Consulting firms are cautiously using social media. They stepped onto the moving sidewalk, but are standing instead of walking. At least that’s what my big take-away is from a new survey report that examined both buyers’ and consulting firms’ use of social media platforms by The Bloom Group, the Association of Management Consulting Firms (AMCF) and ResearchNow.*
The good news: there are plenty of untapped opportunities that could give consulting firms a competitive edge if they were to more effectively integrate social platforms into the broader strategy and campaigns. To do so will require a greater commitment to listening, empowering employees and using better metrics (more on that at the end).
First, the goodies. A few highlights from the research:
- Traditional Marketing/PR tactics are still the most effective. Buyers still rank personal recommendations and traditional marketing tactics (i.e., articles, media quotes, firm-produced publications, presentations, search engines) as the most important when searching for consulting firms. Consulting firms also believe the following traditional approaches have the most impact: seminars, conference presentations, SEO, books, email newsletters, mentions in the press, byline articles in external print and online publications.
- Social media approaches are gaining in importance for buyers. Buyers gave slightly higher scores in usefulness to LinkedIn and private online social networks as a means for sourcing consulting services over prior years. More importantly, nearly one-third decided not to use a consulting firm after hearing it mentioned negatively by people on social networks (typically, this occurred very early in the RFP process or before the RFP was issued). LinkedIn is the most frequently cited source of comments about firms.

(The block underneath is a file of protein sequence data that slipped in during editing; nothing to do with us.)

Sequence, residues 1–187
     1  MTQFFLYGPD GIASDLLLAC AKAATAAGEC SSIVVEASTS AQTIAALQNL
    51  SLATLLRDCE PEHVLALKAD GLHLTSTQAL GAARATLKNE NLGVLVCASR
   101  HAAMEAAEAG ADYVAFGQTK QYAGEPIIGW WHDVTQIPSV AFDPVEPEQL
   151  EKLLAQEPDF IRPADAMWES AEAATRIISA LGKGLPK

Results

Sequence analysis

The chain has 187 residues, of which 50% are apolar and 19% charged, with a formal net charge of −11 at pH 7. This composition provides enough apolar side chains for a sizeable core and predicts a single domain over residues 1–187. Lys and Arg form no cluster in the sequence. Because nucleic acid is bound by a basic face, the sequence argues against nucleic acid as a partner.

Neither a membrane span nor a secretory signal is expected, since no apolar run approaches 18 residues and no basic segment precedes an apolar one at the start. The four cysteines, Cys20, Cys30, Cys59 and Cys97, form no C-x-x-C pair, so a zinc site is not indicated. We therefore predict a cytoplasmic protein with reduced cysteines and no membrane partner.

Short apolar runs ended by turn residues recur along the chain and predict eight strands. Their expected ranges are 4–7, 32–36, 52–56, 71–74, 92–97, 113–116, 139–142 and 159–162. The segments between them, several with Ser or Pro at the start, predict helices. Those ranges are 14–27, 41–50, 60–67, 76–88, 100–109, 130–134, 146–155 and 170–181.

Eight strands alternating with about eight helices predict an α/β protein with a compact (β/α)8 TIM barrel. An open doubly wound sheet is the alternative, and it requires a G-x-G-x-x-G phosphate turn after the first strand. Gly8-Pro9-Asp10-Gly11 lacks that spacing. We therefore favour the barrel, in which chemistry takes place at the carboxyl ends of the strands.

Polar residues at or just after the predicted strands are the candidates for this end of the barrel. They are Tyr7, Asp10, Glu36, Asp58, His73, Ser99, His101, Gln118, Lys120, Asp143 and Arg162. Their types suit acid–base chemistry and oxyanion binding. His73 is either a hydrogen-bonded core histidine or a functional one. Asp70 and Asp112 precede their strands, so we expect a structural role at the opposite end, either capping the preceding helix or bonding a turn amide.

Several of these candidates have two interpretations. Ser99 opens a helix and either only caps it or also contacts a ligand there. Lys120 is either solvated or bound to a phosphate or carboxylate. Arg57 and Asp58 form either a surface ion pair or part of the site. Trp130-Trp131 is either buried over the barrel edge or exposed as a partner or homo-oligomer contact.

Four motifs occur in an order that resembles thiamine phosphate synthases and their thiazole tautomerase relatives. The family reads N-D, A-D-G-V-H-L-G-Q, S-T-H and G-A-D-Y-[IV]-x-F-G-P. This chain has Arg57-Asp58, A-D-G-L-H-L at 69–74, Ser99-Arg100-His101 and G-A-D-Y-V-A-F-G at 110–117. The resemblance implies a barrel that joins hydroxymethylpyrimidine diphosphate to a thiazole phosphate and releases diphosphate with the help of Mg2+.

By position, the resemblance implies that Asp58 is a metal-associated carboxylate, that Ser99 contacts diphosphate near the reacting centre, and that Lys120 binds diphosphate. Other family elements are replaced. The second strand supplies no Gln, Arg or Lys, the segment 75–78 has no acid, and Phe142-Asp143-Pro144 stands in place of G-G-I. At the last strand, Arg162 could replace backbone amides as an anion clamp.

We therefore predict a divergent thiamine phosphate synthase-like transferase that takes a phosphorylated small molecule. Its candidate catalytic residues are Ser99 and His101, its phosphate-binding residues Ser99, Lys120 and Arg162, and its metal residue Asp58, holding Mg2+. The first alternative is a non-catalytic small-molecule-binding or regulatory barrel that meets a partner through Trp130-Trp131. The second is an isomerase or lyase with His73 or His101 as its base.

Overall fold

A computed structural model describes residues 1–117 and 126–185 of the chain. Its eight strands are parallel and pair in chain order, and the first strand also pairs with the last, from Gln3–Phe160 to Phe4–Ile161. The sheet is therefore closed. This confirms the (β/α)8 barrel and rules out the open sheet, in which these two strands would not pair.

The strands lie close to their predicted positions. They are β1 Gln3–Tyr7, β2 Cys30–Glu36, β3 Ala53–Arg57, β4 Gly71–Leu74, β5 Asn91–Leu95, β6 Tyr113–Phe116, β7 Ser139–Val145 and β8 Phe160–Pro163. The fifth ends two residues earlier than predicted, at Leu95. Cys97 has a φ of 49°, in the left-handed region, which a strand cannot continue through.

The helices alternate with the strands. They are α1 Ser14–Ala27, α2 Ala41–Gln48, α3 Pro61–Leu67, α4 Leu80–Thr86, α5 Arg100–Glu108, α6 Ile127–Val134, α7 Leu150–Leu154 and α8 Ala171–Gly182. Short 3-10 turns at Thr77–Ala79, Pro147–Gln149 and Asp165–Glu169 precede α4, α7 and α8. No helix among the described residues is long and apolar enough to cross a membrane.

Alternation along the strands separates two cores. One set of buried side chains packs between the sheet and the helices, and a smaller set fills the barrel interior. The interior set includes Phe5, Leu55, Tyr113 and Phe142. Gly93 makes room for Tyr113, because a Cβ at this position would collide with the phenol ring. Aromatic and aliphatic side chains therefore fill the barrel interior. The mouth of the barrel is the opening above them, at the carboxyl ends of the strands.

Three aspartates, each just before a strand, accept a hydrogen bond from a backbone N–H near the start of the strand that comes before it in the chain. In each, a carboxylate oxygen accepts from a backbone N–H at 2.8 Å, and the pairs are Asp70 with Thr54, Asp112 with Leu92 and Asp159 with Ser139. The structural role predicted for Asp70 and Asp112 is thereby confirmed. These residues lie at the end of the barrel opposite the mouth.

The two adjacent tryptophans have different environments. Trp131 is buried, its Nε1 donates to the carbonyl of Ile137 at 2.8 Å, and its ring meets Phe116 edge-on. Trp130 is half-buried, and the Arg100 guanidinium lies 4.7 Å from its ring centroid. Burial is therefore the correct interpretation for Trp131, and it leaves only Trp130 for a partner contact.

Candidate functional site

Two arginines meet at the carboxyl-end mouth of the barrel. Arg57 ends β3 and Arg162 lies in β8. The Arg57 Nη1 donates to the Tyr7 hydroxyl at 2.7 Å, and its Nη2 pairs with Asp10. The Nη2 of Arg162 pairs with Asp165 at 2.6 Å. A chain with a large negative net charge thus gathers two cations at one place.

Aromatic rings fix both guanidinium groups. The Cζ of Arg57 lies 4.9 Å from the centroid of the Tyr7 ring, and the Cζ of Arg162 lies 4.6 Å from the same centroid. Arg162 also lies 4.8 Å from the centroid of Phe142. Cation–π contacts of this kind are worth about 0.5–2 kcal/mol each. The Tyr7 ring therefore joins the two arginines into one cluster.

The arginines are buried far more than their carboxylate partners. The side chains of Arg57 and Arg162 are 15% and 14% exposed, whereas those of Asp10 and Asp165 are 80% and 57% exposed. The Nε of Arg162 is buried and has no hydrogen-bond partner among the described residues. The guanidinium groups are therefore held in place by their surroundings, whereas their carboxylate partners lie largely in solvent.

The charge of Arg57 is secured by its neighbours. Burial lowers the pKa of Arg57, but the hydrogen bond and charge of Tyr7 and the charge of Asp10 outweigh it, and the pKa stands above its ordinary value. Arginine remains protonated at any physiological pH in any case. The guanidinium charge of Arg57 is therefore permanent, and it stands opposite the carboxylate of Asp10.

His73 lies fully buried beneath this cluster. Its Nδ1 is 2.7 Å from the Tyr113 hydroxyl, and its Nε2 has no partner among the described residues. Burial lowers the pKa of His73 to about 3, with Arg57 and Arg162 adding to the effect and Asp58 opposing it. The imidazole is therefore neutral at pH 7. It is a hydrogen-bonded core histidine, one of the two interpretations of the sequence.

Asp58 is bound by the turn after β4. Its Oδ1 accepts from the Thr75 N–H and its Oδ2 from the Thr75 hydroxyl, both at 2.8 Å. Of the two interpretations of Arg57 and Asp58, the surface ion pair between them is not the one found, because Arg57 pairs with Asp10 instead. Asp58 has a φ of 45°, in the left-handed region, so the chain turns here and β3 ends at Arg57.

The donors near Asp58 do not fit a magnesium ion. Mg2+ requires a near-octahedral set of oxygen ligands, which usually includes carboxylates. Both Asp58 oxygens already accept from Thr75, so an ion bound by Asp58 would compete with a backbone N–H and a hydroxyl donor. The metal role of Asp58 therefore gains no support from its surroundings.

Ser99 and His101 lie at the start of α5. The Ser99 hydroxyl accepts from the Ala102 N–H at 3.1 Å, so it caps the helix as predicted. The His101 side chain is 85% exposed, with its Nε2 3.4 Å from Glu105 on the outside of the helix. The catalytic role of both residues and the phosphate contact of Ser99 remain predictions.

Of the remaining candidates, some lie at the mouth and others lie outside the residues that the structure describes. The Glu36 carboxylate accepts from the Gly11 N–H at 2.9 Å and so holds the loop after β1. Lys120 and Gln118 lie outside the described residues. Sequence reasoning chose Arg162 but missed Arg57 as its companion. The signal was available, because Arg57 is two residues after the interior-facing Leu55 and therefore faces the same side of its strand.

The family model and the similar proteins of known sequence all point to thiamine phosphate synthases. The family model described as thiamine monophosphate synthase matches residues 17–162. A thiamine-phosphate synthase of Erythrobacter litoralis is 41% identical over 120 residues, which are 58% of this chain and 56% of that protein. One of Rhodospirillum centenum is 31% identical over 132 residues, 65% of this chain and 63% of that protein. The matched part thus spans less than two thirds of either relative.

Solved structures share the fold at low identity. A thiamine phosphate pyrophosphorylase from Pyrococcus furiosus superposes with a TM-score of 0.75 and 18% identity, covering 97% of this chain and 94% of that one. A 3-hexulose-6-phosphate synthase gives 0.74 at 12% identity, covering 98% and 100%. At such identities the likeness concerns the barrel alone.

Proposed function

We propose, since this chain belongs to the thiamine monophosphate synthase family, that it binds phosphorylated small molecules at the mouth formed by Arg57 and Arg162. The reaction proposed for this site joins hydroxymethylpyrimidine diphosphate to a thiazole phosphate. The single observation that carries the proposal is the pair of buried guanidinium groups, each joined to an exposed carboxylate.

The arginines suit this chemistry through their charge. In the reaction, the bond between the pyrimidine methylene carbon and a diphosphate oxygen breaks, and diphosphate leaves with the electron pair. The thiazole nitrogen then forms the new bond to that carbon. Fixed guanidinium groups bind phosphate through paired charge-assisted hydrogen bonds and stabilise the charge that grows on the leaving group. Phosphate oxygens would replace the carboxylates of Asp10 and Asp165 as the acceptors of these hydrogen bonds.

- Most firms focus on the basics. The majority of firms are doing the digital/social basics (posting content on social sites, video clips, blogs, online ads), but less than half are taking advantage of tactics like publishing e-books, posting presentations on external sites like Slideshare and posting comments in discussion areas of external publications or sites like Quora.
- Even the basics could use an upgrade. More than half aren’t promoting online thought leadership content through social media at all. While nearly three-quarters allow viewers of their online publications to click and email an article, only 57% offer social media sharing options.
- Quality metrics are largely lacking. Most firms are tracking digital results by using Google Analytics to examine only surface metrics, such as the number of views, instead of evaluating the whole picture; fewer look at number of “likes” or recommends (41%), inbound links (39%) or “shares” of content (32%).
I look at this and see exciting developments for consulting firm marketing and PR programs over the next few years. Social media is expected to comprise nearly one-third of firms’ thought leadership marketing budgets by 2014, compared with only 2% in 2005, so its role in the marketing mix is clearly being acknowledged. The X factor is, how will that be deployed?
The firms that will stand out will be those that can more effectively allocate time, resources and dollars against a select number of integrated campaigns each year and maximize the impact of those to the fullest extent. In other words, it will be those who can go deeper vs. broader and do a better job with some of the social media basics that are currently being overlooked, like listening, making sharing easy and implementing a strategic method of data analysis. Firms that get smart about using metrics will leapfrog the competition, as that should influence decisions about where to focus and how social is helping achieve desired objectives.
I could ramble on, but I’ll leave you here for now. Expect more in my next post about the opportunities being missed and the importance of creating an environment that empowers consultants to participate.
What are the biggest opportunities that you see for consulting firm marketing and PR programs?
*BlissPR was a partner in this annual research initiative for the first two years.
Photo by vyxle